Do you have any examples of what that might look like?
Not at the moment. But anything with a natural interface, anything where you want some social engagement, I think that’s where Surface technology is going to become really predominant. It’s a great application that allows you to share and converse.
We definitely see it as a way of enriching experiences, and education. We’re focusing on a few partnerships in education right now – partnerships with universities and other schools and museums.
You say consumers are a focus for you too, is this something that people will have in their homes?
In the next year or two we’ll be exploring the consumer market. Nothing is being developed right now, but we’re working on concepts. There will absolutely be places in the home where this is going to be predominant.
Are you looking at other models of Surface, like a Surface-mini, or a vertical presentation of it?
There are a few things we’re doing. We’re exploring other form factors and we’re also the technology, which is changing on an annual basis. It’s changing for engineering, for cameras, and for the actual Surface device. We’ll be exploring more form factors as the technology grows and we can support them.
Right now, this is the most logical kind of form factor but interacting with other smaller devices, especially when we go into the consumer market, we’ll be at the forefront of what we do. Surface technology right now is primarily horizontal.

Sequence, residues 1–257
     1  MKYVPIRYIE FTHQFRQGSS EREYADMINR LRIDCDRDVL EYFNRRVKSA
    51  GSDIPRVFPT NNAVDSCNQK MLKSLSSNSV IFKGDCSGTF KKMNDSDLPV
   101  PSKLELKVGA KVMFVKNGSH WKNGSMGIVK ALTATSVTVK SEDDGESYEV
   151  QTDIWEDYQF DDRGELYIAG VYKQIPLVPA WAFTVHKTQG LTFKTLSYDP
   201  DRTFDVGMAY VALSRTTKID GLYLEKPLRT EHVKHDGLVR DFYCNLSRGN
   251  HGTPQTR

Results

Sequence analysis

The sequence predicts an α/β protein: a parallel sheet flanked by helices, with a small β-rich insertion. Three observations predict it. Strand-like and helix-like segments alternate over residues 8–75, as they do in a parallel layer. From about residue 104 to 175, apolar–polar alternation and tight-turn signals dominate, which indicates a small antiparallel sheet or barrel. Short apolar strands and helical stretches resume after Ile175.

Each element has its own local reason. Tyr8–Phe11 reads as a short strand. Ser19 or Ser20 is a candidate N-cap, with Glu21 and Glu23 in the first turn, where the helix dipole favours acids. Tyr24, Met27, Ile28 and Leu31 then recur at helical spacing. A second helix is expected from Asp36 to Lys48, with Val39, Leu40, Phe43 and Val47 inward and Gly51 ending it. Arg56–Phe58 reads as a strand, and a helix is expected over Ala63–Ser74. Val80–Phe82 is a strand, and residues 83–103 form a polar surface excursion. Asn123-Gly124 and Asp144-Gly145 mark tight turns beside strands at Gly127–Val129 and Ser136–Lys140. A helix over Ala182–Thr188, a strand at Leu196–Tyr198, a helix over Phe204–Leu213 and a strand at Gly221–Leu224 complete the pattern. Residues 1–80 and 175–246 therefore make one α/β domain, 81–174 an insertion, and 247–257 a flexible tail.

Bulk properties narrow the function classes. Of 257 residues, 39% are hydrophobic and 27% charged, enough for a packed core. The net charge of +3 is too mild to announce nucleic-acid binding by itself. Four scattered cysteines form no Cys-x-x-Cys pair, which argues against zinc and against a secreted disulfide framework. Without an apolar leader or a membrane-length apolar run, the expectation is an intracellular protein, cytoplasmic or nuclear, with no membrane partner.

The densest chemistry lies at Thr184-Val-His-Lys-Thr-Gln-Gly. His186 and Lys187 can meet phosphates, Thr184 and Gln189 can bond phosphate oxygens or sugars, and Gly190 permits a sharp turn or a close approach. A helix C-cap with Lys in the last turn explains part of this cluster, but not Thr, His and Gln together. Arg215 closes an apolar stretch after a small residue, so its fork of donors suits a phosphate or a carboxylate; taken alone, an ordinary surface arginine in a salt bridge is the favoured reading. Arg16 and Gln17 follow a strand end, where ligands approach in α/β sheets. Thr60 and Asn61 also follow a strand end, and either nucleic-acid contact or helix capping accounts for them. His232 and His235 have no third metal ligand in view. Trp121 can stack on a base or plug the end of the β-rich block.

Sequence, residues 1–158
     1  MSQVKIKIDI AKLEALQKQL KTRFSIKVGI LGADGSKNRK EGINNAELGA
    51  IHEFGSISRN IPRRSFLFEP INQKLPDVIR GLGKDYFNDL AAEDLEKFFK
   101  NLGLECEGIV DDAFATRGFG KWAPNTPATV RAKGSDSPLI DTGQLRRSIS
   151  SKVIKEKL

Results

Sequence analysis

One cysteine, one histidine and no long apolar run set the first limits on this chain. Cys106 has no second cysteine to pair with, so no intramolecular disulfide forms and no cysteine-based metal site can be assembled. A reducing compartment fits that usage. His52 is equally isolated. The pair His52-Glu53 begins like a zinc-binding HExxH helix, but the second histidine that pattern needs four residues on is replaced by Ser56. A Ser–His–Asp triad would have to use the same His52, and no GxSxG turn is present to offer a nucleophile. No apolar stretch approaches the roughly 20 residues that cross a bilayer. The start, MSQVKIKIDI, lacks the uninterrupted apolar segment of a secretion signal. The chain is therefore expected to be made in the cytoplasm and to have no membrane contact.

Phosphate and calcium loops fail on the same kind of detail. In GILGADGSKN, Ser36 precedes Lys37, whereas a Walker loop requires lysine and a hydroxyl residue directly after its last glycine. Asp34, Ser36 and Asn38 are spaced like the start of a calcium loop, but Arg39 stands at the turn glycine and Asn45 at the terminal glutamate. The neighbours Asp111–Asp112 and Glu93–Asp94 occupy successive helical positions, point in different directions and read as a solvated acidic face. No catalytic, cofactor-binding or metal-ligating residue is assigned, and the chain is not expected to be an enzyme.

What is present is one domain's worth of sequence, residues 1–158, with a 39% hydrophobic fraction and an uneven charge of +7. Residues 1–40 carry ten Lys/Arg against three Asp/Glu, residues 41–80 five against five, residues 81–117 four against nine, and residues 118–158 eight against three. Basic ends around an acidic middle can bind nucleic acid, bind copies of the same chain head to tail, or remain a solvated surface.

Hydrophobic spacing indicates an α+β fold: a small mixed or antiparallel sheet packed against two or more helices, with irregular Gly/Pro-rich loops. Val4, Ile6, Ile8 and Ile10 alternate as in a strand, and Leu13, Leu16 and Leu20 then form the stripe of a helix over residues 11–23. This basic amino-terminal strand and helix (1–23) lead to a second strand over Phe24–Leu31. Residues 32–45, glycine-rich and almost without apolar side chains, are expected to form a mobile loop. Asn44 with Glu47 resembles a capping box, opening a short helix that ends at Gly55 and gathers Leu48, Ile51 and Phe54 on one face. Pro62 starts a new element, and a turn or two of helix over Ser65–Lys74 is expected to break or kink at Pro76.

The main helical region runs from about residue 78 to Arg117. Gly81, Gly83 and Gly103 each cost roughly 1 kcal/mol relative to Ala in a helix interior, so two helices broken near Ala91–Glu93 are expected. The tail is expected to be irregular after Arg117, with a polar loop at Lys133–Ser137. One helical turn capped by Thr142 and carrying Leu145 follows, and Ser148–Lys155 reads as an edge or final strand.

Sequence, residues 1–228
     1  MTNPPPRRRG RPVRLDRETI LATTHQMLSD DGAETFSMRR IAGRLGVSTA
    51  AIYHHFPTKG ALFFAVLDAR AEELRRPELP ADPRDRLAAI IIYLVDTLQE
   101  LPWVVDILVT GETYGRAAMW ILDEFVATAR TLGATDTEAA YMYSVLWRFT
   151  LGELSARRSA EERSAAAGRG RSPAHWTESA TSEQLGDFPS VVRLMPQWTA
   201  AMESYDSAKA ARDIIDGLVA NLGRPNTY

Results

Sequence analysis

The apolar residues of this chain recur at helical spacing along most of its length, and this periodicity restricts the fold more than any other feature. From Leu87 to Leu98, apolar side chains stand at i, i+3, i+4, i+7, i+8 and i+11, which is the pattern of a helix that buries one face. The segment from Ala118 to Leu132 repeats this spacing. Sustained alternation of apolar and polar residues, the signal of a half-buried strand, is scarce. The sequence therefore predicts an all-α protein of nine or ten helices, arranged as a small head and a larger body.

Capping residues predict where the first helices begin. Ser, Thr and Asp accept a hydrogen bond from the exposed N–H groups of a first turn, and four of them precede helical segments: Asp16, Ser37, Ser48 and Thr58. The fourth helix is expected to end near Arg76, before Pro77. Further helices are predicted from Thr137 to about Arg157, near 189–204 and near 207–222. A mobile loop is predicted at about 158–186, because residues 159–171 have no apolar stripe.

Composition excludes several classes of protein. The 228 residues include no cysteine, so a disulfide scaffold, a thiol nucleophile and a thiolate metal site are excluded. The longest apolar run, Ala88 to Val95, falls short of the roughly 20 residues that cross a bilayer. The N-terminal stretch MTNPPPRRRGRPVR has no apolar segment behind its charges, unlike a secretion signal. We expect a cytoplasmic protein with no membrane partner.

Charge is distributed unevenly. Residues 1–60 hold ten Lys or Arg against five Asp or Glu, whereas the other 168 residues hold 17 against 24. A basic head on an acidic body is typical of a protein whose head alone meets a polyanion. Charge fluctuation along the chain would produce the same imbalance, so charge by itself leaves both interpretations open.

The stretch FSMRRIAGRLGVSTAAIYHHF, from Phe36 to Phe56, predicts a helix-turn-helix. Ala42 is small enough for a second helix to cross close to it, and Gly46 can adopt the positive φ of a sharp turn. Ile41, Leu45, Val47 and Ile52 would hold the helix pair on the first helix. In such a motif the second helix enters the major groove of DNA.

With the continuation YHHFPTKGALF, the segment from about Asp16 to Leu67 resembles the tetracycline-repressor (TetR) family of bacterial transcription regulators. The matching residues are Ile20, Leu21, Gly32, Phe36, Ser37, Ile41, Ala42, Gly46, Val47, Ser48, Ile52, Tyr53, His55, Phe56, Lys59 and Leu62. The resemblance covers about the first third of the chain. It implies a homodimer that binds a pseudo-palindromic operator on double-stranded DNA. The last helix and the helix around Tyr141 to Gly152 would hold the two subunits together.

Part of that has to do with the actual heft of the system we’re dealing with. We really are focusing on the horizontal uses because it really is so much about multi-users, collaboration and social, which is a bit harder to do on a vertical scale. But we’re not foregoing that vertical application.
What’s going to be happening with Surface over the next 18 months?
The industry is growing tremendously. The understanding of the Surface technology and the desire for that sort of social engagement is going to be growing across the industry.
We’re building up an eco-system of people, so we’re not the only ones developing the hardware and applications that allow Surface to really work. We’re bringing other people to help make those applications.
We’re involving some high-end developer and design firms, but also unique and small two, three people development offices are now going to start working with our SDK and platform to start developing applications.